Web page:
Shhh! Don't tell Wade that Yellow Time with Mommy isn't just a game.
And don't tell him that when he gets a "reward" of drinking yogurt through a coffee straw, it's actually work too.
We've been doing a lot of work with categories: numbers, letters, toys, musical instruments, containers, things to wear, furniture. Deciding if something was a number or a letter was difficult at first. On the pictures above, he did fine with sorting the magnetic numbers and letters into separate bowls, but needed quite a bit of tutoring on the worksheet.
Buttons have been another difficult item, but he has finally mastered unbuttoning small buttons. And the reason I know that is because he unbuttoned my dress one day while I was talking to someone and holding him at the same time. The true sign of a therapy-drenched mother is when she looks down in shock at her unbuttoned dress in public and says, "Yes!!!!!!" One of life's great moments.
And then sometimes, in order to make an idea stick, you might just have to tattoo it onto your child. After I labeled Wade's hands and feet with permanent marker, the concept of left and right and the correct fingers on the piano were much easier. It's just one of those mantras of ordinary parenthood that have been turned upside down. Instead of telling him not to write on himself with permanent markers, I just do it myself. Whatever works.
Following a pattern can also be difficult. He finds it easy to follow patterns in spelling words or in placing the magnetic shapes on a template. But listening and then remembering a pattern (first red, then yellow, then green) is quite hard, as well as just laying out a row of colored blocks or stringing the right beads in prescribed patterns.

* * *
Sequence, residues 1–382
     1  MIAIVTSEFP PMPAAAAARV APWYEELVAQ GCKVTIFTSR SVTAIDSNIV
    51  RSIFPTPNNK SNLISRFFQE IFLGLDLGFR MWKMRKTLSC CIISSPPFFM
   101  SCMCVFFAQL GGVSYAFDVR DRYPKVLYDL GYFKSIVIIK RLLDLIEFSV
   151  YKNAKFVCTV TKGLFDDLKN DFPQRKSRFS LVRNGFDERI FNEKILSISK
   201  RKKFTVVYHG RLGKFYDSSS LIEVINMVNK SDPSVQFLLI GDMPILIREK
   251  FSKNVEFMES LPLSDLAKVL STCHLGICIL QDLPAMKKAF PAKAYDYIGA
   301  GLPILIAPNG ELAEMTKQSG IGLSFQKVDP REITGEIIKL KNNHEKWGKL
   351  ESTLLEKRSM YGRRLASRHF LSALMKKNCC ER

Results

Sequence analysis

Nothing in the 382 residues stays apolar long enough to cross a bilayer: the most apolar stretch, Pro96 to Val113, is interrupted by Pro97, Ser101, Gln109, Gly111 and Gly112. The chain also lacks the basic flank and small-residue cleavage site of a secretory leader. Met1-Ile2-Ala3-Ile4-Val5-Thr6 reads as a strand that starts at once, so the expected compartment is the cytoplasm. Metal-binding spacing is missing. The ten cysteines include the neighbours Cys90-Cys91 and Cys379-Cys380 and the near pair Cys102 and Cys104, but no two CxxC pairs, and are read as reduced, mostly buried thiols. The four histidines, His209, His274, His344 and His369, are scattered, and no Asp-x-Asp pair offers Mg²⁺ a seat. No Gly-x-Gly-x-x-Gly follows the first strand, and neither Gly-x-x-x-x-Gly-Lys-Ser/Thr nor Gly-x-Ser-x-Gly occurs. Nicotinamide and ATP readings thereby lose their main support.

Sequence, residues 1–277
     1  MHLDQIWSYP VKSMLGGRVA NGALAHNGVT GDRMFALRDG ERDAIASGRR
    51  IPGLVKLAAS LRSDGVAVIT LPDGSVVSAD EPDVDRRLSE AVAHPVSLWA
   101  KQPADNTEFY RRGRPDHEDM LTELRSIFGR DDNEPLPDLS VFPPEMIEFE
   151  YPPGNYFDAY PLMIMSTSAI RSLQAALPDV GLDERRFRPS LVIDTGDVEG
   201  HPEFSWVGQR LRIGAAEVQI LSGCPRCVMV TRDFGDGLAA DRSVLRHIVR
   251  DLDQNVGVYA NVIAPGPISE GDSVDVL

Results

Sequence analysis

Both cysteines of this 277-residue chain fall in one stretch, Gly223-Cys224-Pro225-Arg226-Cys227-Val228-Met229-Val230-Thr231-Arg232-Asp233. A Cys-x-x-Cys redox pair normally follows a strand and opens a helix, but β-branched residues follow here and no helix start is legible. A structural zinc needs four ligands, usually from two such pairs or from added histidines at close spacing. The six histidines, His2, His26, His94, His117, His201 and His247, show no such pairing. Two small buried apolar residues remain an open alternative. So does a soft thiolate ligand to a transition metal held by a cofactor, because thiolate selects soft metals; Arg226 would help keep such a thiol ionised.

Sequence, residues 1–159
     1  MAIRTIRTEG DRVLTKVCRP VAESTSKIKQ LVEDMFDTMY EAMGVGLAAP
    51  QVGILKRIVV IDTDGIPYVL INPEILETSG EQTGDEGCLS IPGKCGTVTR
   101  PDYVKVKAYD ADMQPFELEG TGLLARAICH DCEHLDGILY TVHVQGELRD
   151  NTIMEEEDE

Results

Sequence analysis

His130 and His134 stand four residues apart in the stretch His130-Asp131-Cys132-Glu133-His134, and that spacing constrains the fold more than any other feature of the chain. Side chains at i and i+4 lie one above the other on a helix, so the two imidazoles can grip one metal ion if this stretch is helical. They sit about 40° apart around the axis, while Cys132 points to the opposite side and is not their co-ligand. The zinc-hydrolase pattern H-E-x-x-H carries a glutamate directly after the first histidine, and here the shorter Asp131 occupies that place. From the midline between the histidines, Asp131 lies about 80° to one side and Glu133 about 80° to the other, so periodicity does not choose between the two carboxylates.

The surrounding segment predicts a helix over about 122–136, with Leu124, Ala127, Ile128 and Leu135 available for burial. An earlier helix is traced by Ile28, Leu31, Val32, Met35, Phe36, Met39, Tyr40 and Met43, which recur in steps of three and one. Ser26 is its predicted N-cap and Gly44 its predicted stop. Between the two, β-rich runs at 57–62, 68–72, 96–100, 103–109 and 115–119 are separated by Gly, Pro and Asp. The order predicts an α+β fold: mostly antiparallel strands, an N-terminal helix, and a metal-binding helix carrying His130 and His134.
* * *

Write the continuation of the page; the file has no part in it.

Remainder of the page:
Tracing numbers, shapes and letters has really helped his fine motor skills. Ziggity Zoom and Activity Village both have some great printable tracing worksheets for letters and numbers that we have done over and over.
I also am using a set of preschool books from Rod and Staff to further supplement and reinforce what he has learned.
Our private school does not offer kindergarten or preschool, so the mothers use this set of books with their children at home in order to ensure that the children will be ready for first grade. It is an excellent preschool program. Wade loves the rhymes with the visuals for how to make the numbers. Saying the rhymes as he draws the numbers helps him to keep a picture in his head of what needs to be done.
A straight line down and then you're done---
This is how to make a one.
Around and back on a railroad track---
Two, two, two!
Around a tree, and around a tree---
This is how to make a three.
Down and over, then down some more---
This is how to make a four.
Down the trunk and around the tree---
Add a branch. It's five, you see!
Curving down into a loop---
Number six can roll a hoop.
Across the sky and down from heaven---
This is how to make a seven.
Make an S, but do not wait---
Circle back to make an eight.
A loop on top and then a line---
This is how to make a nine.
Make a one and then a zero---
It's easy to make a ten, you know.
Another great source of printables for literacy and math comes from the Learning Program, which is based in Orange County, CA, and was developed by a mom of a child with Down syndrome. I think you have to register in order to be able to access their materials, but registration is free and the materials are wonderful! The three pictures above are showing worksheets from the Learning Program.
A wonderful resource for practicing speaking skills is Mommy Speech Therapy, which is a very informative blog done by a speech therapist. She has great printable worksheets which focus on the articulation of initial, medial, and final sounds. There are worksheets targeting specific sounds with single words, sentences, or stories. It's Word Heaven for Wade!
And then there are the other fun things to practice like cutting. Wade decided one day that it would be easier to cut right over top of the trash can rather than have to clean up at the end!
He likes to practice acting out words: here we are doing initial g sounds--grumpy and glad.
And I mustn't forget to leave a tribute to the workers behind the scenes who help me so much every day.
It takes a family, working together to get it all done...
Sometimes I get surprised by a picnic lunch made by Chris!
And sometimes we really don't know whether it's work...
God bless 'em!